I wonder if sometimes inexperienced sound guys confuse the low tones of us bass
players with other low frequencies in the mix. For example, the low end of the
keyboard or even bass drum, then he turns down the bass player's channel!
I, personally, can't understand how some sound guys can mix the way they do, unless they only listen to music through clock radios and/or cheap headphones. And I've been told to turn down, or been turned down even when we had no drums or keyboard. At my church, I think that the sound guy must be a drummer, because the drums are always mixed perfectly. You can hear each piece of the kit clearly, but the bass is buried and hidden behind the rhythm guitar and vocals.

You mentioned:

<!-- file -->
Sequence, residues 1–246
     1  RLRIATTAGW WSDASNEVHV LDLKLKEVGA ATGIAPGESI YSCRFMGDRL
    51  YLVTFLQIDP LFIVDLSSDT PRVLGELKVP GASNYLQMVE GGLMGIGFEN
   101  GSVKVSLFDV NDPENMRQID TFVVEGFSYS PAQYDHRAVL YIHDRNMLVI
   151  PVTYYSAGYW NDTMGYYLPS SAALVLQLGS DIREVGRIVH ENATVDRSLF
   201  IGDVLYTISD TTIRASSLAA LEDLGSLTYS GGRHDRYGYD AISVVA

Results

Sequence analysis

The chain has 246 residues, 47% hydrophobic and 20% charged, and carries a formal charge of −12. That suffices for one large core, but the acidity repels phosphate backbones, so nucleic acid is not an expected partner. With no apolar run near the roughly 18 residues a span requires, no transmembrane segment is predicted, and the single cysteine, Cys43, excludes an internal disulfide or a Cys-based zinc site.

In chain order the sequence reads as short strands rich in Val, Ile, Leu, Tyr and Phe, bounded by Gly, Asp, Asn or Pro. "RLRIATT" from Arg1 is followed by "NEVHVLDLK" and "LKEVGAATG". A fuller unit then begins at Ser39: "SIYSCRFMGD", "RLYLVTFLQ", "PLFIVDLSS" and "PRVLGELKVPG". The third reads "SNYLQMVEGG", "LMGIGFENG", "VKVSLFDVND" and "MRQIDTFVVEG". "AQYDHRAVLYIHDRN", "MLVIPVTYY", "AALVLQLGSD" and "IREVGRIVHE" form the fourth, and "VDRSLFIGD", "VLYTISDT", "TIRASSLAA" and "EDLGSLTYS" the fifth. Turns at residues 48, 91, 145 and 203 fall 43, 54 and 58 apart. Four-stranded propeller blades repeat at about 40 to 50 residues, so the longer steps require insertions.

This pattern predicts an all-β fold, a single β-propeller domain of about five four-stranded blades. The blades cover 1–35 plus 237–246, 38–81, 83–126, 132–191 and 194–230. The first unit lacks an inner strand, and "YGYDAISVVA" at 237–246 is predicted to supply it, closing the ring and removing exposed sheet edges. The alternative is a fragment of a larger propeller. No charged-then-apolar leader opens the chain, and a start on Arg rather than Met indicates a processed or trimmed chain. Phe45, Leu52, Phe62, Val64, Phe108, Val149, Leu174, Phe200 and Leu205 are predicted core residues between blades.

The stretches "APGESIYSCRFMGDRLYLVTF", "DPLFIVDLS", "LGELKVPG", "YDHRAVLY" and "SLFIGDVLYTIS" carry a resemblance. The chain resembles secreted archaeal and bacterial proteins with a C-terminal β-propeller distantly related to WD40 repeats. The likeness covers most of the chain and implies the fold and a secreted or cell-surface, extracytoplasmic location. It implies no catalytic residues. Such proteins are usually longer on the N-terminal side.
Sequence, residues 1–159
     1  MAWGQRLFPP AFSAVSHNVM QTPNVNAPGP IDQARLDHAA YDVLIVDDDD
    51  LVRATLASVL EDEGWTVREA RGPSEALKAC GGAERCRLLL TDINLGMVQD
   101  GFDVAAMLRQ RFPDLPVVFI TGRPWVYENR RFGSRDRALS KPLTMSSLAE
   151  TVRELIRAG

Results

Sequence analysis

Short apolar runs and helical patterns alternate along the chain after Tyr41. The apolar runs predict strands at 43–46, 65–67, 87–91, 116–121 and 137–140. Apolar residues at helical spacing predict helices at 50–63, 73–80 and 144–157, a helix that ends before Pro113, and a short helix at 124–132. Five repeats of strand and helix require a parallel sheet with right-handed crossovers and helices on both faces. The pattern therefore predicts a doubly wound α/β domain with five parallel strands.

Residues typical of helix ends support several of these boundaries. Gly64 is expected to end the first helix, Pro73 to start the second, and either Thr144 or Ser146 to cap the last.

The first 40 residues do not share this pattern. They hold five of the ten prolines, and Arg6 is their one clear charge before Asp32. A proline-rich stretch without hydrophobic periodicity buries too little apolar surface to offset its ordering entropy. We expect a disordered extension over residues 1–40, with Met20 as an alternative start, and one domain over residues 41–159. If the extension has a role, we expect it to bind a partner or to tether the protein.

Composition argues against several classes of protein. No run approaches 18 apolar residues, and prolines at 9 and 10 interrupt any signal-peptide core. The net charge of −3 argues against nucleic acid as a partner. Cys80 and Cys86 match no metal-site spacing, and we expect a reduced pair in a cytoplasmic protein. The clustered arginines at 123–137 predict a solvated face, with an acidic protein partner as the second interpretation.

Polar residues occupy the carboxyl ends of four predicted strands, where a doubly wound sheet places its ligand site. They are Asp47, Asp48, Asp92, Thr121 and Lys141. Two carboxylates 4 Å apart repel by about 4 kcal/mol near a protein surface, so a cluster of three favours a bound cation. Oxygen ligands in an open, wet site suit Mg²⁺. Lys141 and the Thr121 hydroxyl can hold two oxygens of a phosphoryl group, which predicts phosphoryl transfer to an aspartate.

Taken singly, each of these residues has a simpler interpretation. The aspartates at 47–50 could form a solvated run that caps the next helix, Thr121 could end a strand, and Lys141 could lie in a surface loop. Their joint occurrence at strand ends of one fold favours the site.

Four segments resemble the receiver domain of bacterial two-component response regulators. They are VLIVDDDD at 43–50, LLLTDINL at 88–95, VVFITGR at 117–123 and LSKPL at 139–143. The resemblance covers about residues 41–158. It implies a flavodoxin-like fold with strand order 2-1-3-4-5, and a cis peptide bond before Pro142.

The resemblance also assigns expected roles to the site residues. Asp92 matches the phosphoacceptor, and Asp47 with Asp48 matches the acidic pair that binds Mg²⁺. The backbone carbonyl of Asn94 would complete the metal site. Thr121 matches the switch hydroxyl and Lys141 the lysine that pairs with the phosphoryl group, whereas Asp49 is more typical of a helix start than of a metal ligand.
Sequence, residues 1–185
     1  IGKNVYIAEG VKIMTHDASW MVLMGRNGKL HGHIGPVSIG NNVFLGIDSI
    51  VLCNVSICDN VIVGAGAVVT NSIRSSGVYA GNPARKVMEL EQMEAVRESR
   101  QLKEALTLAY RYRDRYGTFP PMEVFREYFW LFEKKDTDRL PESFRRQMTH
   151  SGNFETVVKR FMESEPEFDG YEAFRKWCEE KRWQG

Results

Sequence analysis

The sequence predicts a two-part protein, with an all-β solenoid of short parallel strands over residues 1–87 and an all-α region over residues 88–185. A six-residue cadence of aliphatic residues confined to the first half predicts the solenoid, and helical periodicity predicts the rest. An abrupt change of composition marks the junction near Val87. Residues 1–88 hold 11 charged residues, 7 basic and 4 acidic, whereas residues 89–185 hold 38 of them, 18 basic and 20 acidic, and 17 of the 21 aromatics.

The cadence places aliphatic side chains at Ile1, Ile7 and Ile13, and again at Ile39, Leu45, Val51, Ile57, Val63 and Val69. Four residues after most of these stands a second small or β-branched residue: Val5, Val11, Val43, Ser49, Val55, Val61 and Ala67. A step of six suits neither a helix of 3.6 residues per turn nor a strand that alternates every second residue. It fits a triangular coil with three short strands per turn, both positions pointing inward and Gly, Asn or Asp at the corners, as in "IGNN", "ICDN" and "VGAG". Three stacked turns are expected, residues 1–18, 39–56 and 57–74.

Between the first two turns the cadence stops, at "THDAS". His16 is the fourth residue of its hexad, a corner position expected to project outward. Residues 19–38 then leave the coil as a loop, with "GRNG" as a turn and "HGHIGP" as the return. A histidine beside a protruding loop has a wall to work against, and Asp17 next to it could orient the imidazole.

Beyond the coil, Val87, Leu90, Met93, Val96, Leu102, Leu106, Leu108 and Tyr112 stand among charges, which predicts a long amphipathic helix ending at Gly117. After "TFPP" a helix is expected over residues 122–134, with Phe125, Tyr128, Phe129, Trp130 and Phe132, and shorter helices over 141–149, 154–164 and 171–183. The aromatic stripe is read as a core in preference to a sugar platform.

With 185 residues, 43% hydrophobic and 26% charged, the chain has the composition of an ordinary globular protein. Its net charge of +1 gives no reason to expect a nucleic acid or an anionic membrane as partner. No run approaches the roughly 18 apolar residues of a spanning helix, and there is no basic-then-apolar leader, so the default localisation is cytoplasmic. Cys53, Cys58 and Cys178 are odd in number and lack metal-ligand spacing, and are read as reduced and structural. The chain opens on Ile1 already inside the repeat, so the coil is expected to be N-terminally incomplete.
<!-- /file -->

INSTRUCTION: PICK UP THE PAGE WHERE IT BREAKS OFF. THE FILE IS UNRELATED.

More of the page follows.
"...I've been told "I can hear the bass over everything." But when I step out in front of the mains, there's nothing there..."


A lot of Worship Teams have a problem with the guitars, keyboards and piano all playing in a low register on their instrument - the end result being that there is a whole lot of MUD in the overall sound, even before the bass player plays a note.  Probably it is that thick MUD your sound guy is hearing.  Good luck trying to convince your fellow teammates to stay out of the bass range!  


© 2018       Powered by

Badges  |  Report an Issue  |  Terms of Service